The company will perform an external due diligence that follows RMI standards on its long-term cobalt supply deal with Glencore, the world’s biggest supplier of cobalt, it added. The six-year deal signed last December supplies SK Innovation with up to 30,000 metric tons of cobalt from 2020 to 2025.
“SK Innovation will voluntarily and preemptively create social values in all stages of batteries including the sourcing of raw materials, production, supply and recycling of them,” said the head of the company’s public relations office.
Firms protest ministry’s battery defect blame for ESS fires
February 06, 2020
A joint panel of electric engineering experts at public and private institutions under the Ministry of Trade, Industry and Energy concluded on Thursday that four out of five energy storage systems of Korean battery makers caught fire last year due to defects in the battery cells.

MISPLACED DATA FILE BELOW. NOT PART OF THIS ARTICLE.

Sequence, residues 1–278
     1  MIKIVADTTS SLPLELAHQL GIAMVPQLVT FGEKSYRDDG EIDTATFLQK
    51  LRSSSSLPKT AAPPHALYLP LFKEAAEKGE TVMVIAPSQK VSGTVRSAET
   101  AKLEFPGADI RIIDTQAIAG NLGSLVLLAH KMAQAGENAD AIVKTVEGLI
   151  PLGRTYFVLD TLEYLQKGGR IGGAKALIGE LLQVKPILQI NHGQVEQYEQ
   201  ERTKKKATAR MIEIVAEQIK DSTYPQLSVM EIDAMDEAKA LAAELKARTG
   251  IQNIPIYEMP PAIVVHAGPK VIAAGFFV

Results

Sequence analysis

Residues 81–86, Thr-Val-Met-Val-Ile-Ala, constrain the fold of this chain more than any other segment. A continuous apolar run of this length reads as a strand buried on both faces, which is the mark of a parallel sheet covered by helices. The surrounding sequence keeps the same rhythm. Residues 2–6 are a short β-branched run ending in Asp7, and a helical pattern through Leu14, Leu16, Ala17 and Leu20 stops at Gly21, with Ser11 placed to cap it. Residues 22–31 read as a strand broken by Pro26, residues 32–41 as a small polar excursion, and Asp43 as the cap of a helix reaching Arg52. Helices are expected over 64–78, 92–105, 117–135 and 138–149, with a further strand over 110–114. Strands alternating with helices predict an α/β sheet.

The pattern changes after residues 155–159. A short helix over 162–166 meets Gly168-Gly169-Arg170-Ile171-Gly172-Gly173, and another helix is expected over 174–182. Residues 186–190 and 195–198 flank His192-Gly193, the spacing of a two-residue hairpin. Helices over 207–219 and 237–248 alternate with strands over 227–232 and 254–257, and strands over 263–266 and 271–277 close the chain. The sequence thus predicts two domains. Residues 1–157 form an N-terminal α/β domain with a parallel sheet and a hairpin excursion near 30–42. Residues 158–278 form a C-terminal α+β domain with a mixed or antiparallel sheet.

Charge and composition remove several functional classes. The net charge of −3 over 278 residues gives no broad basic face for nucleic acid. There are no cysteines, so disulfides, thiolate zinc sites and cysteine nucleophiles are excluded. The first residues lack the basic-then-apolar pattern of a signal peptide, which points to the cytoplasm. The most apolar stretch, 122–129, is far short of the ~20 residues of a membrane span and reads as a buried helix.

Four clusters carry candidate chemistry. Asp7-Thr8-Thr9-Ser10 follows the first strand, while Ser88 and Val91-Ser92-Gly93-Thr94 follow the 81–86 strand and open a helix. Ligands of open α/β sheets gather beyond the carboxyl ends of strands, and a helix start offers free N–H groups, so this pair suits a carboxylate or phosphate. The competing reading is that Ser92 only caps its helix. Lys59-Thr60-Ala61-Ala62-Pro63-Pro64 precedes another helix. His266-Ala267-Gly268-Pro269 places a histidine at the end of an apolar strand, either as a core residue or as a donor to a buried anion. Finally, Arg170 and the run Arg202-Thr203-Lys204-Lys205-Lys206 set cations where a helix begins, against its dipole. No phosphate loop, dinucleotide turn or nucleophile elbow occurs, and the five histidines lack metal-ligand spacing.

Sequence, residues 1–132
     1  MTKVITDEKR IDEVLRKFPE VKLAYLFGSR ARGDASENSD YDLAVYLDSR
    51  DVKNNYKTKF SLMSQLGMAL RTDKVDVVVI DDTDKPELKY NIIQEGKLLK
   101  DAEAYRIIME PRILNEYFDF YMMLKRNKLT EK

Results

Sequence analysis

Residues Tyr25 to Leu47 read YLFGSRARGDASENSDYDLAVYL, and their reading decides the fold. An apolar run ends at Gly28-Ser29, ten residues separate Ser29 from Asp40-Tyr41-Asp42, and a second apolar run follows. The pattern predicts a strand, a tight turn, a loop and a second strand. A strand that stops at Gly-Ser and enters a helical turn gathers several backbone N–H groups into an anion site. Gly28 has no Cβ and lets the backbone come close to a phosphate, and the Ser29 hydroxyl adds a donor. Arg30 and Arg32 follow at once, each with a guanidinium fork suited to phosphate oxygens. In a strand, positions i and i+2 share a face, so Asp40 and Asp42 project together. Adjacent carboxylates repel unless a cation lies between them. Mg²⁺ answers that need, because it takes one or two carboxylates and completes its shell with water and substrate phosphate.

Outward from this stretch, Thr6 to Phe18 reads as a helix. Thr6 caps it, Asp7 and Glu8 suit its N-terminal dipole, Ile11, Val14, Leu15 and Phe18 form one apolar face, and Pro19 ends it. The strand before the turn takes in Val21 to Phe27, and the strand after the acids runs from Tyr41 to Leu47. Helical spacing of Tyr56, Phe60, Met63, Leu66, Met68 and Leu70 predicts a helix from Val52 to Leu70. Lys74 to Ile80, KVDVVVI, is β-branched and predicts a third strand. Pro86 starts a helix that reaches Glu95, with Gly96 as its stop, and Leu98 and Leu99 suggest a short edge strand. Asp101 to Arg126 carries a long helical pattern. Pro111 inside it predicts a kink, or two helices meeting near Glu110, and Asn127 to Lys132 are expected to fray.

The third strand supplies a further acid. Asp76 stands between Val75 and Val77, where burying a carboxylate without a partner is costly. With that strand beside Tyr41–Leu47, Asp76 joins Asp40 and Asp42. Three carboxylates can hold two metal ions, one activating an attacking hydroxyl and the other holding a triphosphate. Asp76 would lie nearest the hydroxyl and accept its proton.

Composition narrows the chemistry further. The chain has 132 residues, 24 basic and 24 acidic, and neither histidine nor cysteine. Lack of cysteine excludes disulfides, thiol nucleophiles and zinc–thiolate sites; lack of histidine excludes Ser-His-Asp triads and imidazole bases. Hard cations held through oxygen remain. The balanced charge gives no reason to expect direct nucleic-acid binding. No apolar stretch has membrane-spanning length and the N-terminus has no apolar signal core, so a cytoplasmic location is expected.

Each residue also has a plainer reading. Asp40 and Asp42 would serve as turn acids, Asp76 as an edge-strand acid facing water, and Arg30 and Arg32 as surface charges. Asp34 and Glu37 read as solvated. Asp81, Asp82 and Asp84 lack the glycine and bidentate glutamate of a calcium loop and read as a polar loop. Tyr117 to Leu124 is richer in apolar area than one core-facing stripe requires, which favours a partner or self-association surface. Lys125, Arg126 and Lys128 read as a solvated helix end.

The five ESS sites that caught fire last year involved the battery systems built by LG Chem and Samsung SDI across the country. Both companies refuted the ministry panel’s findings immediately.
The panel concluded that except for one in Hadong, South Gyeongsang Province, battery defects caused the fires at four other ESS sites.
Faulty batteries blamed for ESS fires:
15:43 February 06, 2020
(ATTN: ADDS response from battery makers in paras 10-18)
By Kang Yoon-seung
SEJONG, Feb. 6 (Yonhap) -- An expert panel said Thursday malfunctions in batteries are mainly to blame for a recent series of fires in energy storage systems (ESS).
An investigation panel of experts concluded after a four-month probe that faulty batteries rising to abnormally high temperatures were mostly responsible for the five fires that occurred from August to October last year.
Three of the cases were caused by ESS equipment produced by LG Chem Ltd, with Samsung SDI Co. being responsible for the other two.
The ESS refers to the procedures of saving energy in a large-scale battery for efficient distribution of power. For example, it can save energy during night hours to be utilized during daytime, when demand for power is high.